Having done all 3, I'd order them from the hardest as selinux, pulseaudio, apparmor. Out of these 3, apparmor has the most user-friendly tools to apply changes. It also allows you to easily turn off a single profile without disabling the whole system. Given those, I don't expect that many issues.

But also, worth remembering that this is a proposal for an experiment. One of the things they're going to judge is how much does it affect regular users.

Ubuntu has used AppArmor for years. Debian users will benefit from those years use.

People rant and rave about how pulseaudio is broken on their system. Pulseaudio is pretty easy to configure for most things. Sometimes it even (unexpectedly) configures itself!

Good idea for the server at least. For my development machine I need be able to disable apparmor easily(when it breaks my desktop). Increasing security sometimes decreases usability, especially when I just need Debian/Ubuntu for development and browsing.

Isn’t compromising your development machine way worse than a random server?

My dev machine can't access prod data. My dev machine doesn't deploy to prod, the attack vector would be inserting malicious code, which would need to pass CR before being compiled on a build server and then deployed to prod.

In my case impact to the business would likely be less if my dev machine was compromised than if prod was. It'd depend on the dedication and skills of the attacker though.

I'm really curious if it's actually true your development machine can't pivot into prod. You don't have sufficient access on the build/ci/deploy servers to pivot into prod without code review? You don't have passwords saved/stored that are reused in critical/prod infrastructure? You have no way of accessing prod?

That seems crazy to me, as I'm able to SSH into prod with a single command and password. I guess I'm further on the ops side, but still.

Depends on what you mean by "development machine." My Macbook has those credentials on it, but the Ubuntu VM running on it, which I do most of my development within, does not.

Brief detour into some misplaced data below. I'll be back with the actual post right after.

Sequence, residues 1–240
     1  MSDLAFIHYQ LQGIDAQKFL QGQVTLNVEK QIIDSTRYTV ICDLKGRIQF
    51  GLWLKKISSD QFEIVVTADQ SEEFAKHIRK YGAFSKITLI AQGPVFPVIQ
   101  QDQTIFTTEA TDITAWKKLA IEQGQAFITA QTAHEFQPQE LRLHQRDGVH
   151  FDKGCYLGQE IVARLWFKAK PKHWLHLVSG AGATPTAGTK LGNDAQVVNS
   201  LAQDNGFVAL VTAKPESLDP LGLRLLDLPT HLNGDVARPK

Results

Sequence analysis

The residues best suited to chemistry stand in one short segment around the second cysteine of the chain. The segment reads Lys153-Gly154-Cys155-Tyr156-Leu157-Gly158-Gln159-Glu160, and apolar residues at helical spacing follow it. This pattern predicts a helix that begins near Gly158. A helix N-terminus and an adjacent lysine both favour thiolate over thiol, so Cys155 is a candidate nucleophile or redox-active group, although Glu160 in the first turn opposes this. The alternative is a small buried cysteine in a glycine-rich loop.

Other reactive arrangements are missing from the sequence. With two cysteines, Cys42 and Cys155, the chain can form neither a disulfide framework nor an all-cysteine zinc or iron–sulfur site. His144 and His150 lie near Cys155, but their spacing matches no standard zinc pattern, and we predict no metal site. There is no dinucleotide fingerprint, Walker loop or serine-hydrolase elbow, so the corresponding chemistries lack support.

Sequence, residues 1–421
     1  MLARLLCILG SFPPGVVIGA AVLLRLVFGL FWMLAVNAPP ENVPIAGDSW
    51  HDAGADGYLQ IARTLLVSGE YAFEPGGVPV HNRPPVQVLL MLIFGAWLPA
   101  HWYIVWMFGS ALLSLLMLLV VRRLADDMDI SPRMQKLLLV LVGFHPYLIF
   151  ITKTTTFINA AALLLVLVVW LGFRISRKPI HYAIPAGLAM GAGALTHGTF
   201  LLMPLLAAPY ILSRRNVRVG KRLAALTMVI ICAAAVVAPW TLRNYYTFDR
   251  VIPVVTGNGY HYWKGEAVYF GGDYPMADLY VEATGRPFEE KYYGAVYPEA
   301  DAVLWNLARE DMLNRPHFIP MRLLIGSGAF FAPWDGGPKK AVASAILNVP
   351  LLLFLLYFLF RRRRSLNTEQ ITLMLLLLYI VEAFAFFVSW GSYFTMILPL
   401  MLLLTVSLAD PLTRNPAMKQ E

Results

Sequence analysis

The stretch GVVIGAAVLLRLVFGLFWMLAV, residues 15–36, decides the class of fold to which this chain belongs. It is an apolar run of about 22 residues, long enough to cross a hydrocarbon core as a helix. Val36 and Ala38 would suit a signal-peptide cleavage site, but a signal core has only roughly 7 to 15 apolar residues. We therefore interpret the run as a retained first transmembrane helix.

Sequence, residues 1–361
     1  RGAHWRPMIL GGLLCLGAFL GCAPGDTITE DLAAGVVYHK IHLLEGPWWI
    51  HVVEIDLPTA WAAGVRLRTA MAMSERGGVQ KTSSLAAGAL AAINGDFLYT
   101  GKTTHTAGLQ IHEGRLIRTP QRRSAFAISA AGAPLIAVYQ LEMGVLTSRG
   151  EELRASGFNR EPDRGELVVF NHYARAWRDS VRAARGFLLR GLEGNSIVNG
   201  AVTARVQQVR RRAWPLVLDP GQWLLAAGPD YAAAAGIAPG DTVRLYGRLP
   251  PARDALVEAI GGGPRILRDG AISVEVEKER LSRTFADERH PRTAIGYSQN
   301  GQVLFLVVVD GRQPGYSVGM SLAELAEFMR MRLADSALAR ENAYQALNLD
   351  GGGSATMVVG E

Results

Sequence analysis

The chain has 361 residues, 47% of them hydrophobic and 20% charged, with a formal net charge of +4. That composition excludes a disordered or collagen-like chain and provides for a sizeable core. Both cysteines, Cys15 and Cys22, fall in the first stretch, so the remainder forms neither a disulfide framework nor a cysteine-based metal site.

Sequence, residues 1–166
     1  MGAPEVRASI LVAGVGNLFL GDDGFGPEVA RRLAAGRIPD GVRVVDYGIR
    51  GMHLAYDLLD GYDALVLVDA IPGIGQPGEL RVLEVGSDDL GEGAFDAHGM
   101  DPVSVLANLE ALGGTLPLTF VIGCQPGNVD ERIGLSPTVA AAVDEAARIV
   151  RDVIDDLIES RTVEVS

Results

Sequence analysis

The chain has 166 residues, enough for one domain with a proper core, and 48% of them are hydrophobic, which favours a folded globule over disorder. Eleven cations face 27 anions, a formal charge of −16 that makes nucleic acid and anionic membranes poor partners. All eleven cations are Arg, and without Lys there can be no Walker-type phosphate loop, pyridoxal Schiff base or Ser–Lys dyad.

Personally, I wish more operating systems came with an installer checkbox for "this will be used as a VM within an environment that already has its own security mechanisms; stop doing anything related to security/multitenancy (i.e. automatic login, no sudo password, no screen lock, etc.) and just let the host handle all that." Every time I set up a development VM I have to go to a bit of trouble to create an environment almost-but-not-quite like that, thwarting all the carefully-designed-in, yet redundant, security.

Makes me miss MS-DOS and Windows 3.1/95 a bit; those were truly "Personal Computer operating systems", in the sense that they assumed that there was a 1:1 correspondence between physical access to the hardware and the privilege to read/write/execute arbitrary data on said hardware. It'd be neat to have a version of Linux (or Windows 10) with that sort of "retro" security model (but still with process sandboxing; just because any user has rights, doesn't mean any program should, because programs aren't always the authorized agents of a user's will.)

Wait, youre using a vm for dev, using the vm GUI/desktop environment?

Either way, it sounds like Vagrant may help. Most baseboxes target headless server dev and don't have a DE but a few do, and of course you can build your own base box and then customise via a provisioner for each different project.

There is a pretty strong ops/dev divide where I work.

There are some repos I have admin access to, those I could push malicious code directly, execute a build and authorize a push to production.

Most products I work on have a fairly long build time and that'd be a fairly noisy process (emails sent off). It'd work if you are just trying to get a shell, but it'd assuredly alert someone that something bad is happening.